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South America: Venezuela Signs Nuclear Energy Deals with Russia|
Posted on Tuesday, October 19 @ 09:58:15 UTC by admin
By Tamara Pearson
October 19, 2010 – Venezuelanalysis.com
Venezuelan President Hugo Chavez began his ten day international tour yesterday in Russia. The visit, which lasted yesterday and today, was his ninth to the country, and centred on a nuclear energy agreement as well as 14 other agreements in the areas of finance, housing, and agriculture.
Peaceful nuclear energy
Chavez and Russian President Dmitry Medvedev signed a plan for the construction of a nuclear power plant in Venezuela and to begin the process of acquiring the necessary technology. Russian engineers will help construct the first such plant in Venezuela.
“Yes, we’re going to develop nuclear energy in Venezuela, with Russian support. The world needs to know this, and nothing is going to stop us. We’re free, we’re sovereign, we’re independent,” Chavez said yesterday in a press conference.
The agreement was formally negotiated when Russian Prime Minister Vladimir Putin came to Caracas last April. At that time, Chavez stressed the nuclear energy plan was to help solve Venezuela’s energy shortage.
Also, just before Medvedev visited Venezuela in November 2008, Chavez said Venezuela wanted to build a nuclear reactor in Zulia state “to produce energy for peaceful purposes”.
“Brazil has several nuclear reactors, as does Argentina. We will also have our own reactor," Chavez said.
Prensa Latina reported that today the United States recognised Venezuela’s right to move forward on its program for nuclear energy. Phillip Crowley, spokesperson for the State Department, qualified the recognition, saying that such a right comes with responsibilities and warned, “This is something that we will observe very very closely”.
Bi-national bank, housing
Today the two heads of state also signed documents forming the Bi-national Venezuela-Russia Bank, which will finance investment projects in both countries.
So far, an amount of money for the bank has not been set, and Chavez explained that a “technical team” was working on a number and said, “We want the bank to be very strong, it will start out on modest numbers”. Chavez agreed with Medvedev that the size of the bank wasn’t important, but rather its assets were what mattered.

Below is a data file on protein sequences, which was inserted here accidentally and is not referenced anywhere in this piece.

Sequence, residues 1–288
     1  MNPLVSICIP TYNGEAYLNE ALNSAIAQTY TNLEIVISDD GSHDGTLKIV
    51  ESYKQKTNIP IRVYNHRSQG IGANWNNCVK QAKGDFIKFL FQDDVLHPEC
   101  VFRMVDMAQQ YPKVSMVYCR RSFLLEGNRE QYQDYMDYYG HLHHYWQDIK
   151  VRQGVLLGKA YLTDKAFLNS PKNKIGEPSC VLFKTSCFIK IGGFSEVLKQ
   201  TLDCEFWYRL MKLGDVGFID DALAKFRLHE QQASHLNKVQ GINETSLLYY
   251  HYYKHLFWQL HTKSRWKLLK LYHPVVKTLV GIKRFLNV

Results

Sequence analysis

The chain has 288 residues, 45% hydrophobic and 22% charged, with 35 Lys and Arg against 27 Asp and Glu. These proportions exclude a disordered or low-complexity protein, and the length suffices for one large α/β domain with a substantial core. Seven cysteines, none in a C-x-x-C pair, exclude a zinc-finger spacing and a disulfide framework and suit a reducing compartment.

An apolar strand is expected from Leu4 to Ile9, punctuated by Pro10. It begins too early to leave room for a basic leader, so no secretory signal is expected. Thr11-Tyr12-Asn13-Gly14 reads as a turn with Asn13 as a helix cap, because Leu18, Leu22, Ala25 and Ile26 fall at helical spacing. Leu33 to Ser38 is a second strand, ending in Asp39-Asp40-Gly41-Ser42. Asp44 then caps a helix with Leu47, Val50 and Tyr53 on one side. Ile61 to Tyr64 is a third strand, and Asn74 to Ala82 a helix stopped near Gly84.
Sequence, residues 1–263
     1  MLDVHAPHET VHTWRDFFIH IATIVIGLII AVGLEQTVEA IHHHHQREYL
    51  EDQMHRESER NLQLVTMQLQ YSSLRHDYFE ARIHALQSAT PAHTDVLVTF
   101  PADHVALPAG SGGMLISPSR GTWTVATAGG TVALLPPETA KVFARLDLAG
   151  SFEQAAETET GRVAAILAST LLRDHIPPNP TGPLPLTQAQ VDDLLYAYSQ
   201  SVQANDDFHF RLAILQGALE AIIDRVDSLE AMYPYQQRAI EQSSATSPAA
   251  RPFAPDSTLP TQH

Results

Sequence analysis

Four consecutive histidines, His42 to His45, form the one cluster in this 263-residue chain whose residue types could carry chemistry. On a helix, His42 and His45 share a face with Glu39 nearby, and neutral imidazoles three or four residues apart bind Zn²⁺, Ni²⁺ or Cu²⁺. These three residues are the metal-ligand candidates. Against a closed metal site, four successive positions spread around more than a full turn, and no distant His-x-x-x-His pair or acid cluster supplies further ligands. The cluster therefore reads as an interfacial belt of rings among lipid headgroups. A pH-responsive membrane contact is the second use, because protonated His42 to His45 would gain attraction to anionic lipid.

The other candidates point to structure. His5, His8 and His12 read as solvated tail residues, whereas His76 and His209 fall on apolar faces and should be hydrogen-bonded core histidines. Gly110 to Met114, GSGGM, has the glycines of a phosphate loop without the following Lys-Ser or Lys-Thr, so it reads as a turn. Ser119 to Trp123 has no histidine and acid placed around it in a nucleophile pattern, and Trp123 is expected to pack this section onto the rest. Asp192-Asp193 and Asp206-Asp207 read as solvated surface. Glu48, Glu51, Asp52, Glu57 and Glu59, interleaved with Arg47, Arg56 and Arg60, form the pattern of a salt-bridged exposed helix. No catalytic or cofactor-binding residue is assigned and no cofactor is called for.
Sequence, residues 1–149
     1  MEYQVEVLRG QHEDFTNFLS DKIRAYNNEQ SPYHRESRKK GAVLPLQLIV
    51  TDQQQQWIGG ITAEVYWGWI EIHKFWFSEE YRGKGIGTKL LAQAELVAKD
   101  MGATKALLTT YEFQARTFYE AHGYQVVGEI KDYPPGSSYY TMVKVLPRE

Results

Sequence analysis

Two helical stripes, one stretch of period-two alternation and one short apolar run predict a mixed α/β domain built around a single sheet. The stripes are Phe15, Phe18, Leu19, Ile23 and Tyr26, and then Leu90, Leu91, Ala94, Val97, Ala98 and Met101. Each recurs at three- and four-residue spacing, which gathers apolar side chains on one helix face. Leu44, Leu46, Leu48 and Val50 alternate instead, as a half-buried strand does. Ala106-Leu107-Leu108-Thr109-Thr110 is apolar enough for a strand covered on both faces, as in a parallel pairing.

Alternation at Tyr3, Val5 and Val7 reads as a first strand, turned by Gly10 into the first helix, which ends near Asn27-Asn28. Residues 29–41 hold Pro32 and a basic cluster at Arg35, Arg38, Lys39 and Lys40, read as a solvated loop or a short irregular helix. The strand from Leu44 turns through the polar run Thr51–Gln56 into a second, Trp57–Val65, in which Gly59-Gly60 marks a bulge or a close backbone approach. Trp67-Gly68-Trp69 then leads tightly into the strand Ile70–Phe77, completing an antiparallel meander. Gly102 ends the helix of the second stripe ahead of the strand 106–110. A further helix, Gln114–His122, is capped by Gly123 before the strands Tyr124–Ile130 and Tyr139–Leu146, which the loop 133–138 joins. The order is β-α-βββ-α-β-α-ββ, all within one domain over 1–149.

The two countries also signed an agreement so that Russia would finance the construction of 7,000 houses in Venezuela, in what will become the “Socialist City of Tiuna”.
Chavez announced recently that decent and affordable housing will be one of the top priorities for the government. There is a housing shortage of 3 million in Venezuela and many others live in risky, self built houses on the edge of mountain slopes.
Chavez explained that Venezuela found it hard to build over 100,000 houses a year because “the construction industry has never been developed, it was monopolised by the private sector”.
Among the other agreements and discussions were joint agricultural companies that Russia and Venezuela are working on, in the production of cacao, coffee, flowers, yucca, bananas, as well as a Moscow-Havana-Caracas flight route, to help with integration and tourism.
Prime Minister Vladimir Putin also told the press that Russia would supply Venezuela with a further 35 tanks.
The agreements form the basis of an action plan of cooperation spanning from this year until 2024.
From Russia, Chavez will also visit Belarus, Iran, Syria, Libya, and Portugal, among other countries.
In response to some media headlines that the tour is “ideological”, Chavez explained that actually he would be visiting a range of diverse countries with different ideological and political governments, and that rather his tour was “geopolitical”.
He said that since Venezuela signed military agreements with Russia the international media began a “demonising campaign”, “saying that Russia was arming Venezuela to train terrorists - all a lie”.
In November 2008 Venezuela’s navy carried out joint exercises with a Russian naval fleet. In the accord signed that month, Russia would assist with the training of the Venezuelan navy, as well as with repairs and upgrades. Venezuela has also spent over $4 billion since 2005 on Russian weapons and military equipment.